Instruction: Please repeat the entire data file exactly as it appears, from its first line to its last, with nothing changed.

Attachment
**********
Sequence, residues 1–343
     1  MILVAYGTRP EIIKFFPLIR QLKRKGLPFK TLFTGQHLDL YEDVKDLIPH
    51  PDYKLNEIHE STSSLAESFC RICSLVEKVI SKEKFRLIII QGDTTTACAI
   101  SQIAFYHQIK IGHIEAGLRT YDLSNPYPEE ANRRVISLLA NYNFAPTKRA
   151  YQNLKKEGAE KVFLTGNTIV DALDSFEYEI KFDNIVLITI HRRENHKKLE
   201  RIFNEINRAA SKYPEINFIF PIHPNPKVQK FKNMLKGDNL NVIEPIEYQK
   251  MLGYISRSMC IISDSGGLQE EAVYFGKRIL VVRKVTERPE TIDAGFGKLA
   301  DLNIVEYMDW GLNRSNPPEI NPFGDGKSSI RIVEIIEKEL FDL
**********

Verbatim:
Sequence, residues 1–343
     1  MILVAYGTRP EIIKFFPLIR QLKRKGLPFK TLFTGQHLDL YEDVKDLIPH
    51  PDYKLNEIHE STSSLAESFC RICSLVEKVI SKEKFRLIII QGDTTTACAI
   101  SQIAFYHQIK IGHIEAGLRT YDLSNPYPEE ANRRVISLLA NYNFAPTKRA
   151  YQNLKKEGAE KVFLTGNTIV DALDSFEYEI KFDNIVLITI HRRENHKKLE
   201  RIFNEINRAA SKYPEINFIF PIHPNPKVQK FKNMLKGDNL NVIEPIEYQK
   251  MLGYISRSMC IISDSGGLQE EAVYFGKRIL VVRKVTERPE TIDAGFGKLA
   301  DLNIVEYMDW GLNRSNPPEI NPFGDGKSSI RIVEIIEKEL FDL